Watching video is the No. 1 online activity.
Red Bull is the second-most-viewed video brand, with over 5 million subscribers to its popular YouTube channel.
Here are four hard-won video creation and syndication tips courtesy of George Mays, an award-winning Los Angeles-based director and producer who works with Red Bull
Never go into production without drawing up the progression of scenes first. If you’re making corporate videos—especially if you might be required to show
your concept to the decision-makers—you need at least an outline, Mays says.
He recommends storyboarding your entire shoot.
“This gets the production team and client on the same page. It’s also an opportunity for the artist and client to deconstruct the story in a visual
manner,” Mays says. “All the ambiguity goes away so there are no misunderstandings later.”
Storyboarding is also a confidence booster.
“As a producer, this visual tool will ensure that you don’t forget a critical shot,” Mays says. “This is a horrible and hard lesson to learn when you’re
done with the shoot. Believe me, going back to reshoot because you missed an establishing shot can destroy your budget.”
His tips for effective storyboarding: “Each shot should at least be two seconds long. So if you’re creating a two-minute YouTube video, you’ll typically
want 20 to 30 shots. Each of those should be mapped out on a storyboard.”
Mays doesn’t use storyboarding software. Instead, he recommends finding a good storyboard artist like Mitt Seely.
“He’s great. His clients range from corporate and agency clients to networks and studios,” Mays says.
Register for PR Daily’s Jan. 21 PR University webinar “
Create Shareable Videos: How to Plan, Produce and Distribute Brand Stories Millennials Love
” to delight audiences and deliver results every time.
The Hollywood rule is to “never have bad sound,” says Mays. “Audiences will forgive a bad video, but not bad audio.”
He recommends Sennheiser microphones and headphones for best quality. Depending on the model, “it just clicks
onto the camera with a procuring strap and allows you to plug headphones directly into the microphone.”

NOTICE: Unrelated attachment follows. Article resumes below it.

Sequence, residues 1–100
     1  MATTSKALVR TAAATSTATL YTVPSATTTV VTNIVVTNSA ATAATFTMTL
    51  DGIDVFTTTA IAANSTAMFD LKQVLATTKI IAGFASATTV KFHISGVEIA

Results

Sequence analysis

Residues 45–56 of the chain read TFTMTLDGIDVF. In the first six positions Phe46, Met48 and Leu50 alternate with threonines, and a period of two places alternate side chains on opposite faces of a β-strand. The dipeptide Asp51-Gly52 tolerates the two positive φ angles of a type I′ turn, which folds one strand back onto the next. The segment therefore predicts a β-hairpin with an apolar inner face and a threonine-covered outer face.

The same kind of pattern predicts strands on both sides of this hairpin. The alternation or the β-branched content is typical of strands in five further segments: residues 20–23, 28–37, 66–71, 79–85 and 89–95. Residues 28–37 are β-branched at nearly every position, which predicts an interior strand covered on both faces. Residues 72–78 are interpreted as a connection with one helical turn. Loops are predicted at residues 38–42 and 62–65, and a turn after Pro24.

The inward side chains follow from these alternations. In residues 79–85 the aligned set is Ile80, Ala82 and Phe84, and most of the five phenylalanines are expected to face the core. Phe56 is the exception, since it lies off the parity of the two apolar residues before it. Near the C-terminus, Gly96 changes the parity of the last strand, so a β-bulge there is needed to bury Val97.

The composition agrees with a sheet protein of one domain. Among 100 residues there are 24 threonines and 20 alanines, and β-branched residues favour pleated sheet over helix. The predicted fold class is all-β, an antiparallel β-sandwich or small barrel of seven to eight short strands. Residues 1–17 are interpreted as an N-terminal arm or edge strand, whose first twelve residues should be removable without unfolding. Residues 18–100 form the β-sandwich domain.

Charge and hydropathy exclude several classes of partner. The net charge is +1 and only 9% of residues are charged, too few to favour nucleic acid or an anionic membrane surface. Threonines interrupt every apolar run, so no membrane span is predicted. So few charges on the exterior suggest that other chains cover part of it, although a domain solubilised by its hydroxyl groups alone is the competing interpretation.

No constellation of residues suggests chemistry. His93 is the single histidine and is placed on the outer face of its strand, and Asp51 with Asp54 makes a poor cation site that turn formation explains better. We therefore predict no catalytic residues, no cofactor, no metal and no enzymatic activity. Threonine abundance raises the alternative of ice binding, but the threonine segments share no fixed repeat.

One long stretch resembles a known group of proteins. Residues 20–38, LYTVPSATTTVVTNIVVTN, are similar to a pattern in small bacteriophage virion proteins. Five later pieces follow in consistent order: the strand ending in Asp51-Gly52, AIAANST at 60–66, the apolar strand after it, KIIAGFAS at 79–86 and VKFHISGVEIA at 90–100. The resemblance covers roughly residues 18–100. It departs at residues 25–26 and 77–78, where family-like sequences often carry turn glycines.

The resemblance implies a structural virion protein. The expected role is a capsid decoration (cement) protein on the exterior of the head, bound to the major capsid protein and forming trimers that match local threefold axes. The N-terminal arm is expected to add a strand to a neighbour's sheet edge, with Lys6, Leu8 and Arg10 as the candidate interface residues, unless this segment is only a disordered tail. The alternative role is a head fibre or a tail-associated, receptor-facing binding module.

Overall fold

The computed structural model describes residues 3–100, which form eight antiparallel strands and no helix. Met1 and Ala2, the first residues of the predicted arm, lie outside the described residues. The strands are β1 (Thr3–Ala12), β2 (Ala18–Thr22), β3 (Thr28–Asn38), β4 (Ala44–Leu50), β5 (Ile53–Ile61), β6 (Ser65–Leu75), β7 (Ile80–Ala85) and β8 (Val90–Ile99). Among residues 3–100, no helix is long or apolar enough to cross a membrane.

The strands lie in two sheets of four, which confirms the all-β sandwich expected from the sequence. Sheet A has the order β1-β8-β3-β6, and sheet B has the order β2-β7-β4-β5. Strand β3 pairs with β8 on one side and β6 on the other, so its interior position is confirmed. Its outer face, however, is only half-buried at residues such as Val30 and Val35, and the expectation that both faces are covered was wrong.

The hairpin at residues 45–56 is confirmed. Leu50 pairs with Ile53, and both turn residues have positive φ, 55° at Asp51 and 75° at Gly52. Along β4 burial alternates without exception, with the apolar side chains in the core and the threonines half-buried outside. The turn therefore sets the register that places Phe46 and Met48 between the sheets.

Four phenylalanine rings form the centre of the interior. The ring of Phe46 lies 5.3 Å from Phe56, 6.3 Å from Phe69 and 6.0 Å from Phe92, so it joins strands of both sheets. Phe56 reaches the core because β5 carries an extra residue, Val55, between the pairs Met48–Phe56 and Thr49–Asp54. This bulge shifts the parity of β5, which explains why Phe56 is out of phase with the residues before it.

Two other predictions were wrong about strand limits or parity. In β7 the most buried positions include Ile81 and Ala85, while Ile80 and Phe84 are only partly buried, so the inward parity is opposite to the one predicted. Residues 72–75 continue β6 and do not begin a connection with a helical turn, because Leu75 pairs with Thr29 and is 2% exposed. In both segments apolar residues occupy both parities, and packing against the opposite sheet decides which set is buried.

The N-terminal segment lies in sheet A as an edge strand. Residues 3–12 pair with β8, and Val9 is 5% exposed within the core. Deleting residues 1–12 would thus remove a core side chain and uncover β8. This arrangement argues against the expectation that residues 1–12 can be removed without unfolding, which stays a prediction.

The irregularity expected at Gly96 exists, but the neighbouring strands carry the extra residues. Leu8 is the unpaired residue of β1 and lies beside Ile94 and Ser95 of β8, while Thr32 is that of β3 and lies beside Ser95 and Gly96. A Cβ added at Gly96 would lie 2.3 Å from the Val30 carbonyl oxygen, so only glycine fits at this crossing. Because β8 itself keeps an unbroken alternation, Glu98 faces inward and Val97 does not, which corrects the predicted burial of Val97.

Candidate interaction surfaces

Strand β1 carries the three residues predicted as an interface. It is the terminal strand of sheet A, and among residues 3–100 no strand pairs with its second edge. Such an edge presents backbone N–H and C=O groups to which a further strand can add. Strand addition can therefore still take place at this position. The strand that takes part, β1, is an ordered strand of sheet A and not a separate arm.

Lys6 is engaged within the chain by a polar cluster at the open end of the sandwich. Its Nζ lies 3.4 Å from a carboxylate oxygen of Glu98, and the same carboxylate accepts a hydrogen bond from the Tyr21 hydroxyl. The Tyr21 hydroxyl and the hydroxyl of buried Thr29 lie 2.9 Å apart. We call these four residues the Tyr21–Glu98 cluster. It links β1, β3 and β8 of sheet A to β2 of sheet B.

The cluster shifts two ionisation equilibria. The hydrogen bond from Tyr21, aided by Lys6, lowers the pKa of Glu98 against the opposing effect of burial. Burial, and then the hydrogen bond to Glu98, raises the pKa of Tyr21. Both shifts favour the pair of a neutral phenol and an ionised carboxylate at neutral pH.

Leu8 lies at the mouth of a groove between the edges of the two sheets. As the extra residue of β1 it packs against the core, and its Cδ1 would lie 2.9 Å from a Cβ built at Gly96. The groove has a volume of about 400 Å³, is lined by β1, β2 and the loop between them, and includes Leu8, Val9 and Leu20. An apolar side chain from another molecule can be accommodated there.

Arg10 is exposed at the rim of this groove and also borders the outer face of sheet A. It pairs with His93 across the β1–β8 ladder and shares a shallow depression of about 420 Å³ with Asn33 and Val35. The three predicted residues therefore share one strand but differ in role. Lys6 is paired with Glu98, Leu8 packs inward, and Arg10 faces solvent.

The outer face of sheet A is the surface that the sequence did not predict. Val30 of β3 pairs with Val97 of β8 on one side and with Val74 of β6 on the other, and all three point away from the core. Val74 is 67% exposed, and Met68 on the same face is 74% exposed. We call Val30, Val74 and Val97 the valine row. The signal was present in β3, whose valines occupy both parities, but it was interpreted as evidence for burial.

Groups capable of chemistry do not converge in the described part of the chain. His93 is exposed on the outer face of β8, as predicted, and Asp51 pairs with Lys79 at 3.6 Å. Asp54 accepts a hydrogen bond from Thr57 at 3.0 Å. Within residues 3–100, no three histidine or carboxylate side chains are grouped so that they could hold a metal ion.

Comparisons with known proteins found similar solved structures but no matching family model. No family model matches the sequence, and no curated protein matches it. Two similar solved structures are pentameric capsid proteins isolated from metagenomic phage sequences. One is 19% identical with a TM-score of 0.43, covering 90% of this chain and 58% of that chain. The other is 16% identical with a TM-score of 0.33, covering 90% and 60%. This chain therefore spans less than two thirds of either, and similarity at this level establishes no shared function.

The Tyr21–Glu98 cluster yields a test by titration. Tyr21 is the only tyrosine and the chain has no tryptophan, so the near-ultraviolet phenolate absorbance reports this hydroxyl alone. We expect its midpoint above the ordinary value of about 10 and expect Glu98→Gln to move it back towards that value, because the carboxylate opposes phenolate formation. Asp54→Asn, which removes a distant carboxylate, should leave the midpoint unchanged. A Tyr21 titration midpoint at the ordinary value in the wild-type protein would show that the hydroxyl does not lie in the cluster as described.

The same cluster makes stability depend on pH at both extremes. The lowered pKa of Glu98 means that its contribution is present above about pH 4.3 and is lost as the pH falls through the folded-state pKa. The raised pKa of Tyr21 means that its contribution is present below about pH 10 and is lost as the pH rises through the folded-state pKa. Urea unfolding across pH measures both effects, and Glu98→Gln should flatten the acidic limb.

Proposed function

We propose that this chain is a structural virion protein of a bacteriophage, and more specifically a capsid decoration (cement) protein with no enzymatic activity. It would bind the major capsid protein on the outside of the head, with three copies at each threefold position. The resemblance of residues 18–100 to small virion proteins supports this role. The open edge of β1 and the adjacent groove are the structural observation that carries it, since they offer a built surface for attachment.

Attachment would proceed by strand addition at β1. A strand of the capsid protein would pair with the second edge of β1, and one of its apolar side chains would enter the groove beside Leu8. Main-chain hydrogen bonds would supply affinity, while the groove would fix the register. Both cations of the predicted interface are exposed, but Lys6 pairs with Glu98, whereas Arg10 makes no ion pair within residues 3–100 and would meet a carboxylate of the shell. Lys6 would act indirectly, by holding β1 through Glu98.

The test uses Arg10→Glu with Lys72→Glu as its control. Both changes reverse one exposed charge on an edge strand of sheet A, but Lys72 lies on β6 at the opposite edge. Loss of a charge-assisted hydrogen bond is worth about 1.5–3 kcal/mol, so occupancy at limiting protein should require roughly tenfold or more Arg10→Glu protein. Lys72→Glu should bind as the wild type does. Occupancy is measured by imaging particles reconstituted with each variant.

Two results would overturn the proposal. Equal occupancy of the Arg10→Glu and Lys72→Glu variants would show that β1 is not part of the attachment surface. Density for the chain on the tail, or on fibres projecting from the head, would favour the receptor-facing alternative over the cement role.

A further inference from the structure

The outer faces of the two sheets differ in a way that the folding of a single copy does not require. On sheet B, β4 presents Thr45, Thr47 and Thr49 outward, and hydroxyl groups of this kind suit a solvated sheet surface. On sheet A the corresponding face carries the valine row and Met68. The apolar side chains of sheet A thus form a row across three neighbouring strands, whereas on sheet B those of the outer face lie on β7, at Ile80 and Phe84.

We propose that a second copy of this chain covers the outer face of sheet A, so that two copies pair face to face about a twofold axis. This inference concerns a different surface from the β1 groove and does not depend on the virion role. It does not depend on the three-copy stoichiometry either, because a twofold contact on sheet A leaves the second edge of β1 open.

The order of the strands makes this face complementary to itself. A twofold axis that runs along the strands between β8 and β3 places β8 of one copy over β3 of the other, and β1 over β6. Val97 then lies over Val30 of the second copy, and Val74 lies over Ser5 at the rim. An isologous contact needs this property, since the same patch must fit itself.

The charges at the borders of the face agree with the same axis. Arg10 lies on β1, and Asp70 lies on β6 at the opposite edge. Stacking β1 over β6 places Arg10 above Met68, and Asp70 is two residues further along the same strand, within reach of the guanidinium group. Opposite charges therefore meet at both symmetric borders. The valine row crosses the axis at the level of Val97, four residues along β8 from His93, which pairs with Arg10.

Projects with bigger budgets might call for hiring a sound technician rather than adopting a DIY approach.
“There will always be a good sound man in New York City or Los Angeles,” Mays says. If you’re not in those cities, he recommends searching Production Hub.
Focus on editing.
This is the most important step in telling a successful visual story. “Editing is make-or-break for most films. If you’re constrained by budget, you can
use editing software like Avid, Premier or Final Cut Pro,” says Mays.
Final Cut Pro has fallen off in recent years, he says. “They make a prosumer version for consumers, but it’s not getting as much traction.”
Mastering the software is extremely time consuming, but the technical side of editing is only the beginning.
“There is a huge barrier to entry when it comes to the artistry of editing and storytelling,” says Mays. “It takes years to achieve true flow and
storytelling in the editing bay.”
That’s why he recommends working with an established film editor.
“You won’t find them on Production Hub,” Mays says. “Great editors are like unicorns—they’re hidden, and you
have to coax them out, so ask around for recommendations.”
4. Publish consistently.
Consistency is paramount if you want to compete for attention, says Mays. “Release your videos the same time and on the same days so audiences know when to
expect them and actively seek them out.”
The best time to drop a Vine or YouTube video? “Tuesday at 9 a.m. Pacific Time is far and away the best time to post a video,” says Mays. “The Monday rush
is behind us. East Coast viewers are at lunch and browsing. West Coast viewers are just getting to work and clicking on links.”
Mays says weekends are a terrible time: “Audiences are usually looking at fantasy football scores and other questionable content then.”
Brian Pittman is a Ragan Communications consultant and webinar manager for PR Daily’s PR University. Red Bull Studios producer and director George Mays
will share more presentation takeaways in the Jan. 21 PR University webinar,
“Create Shareable Videos: How to Plan, Produce and Distribute Brand Stories Millennials Love.”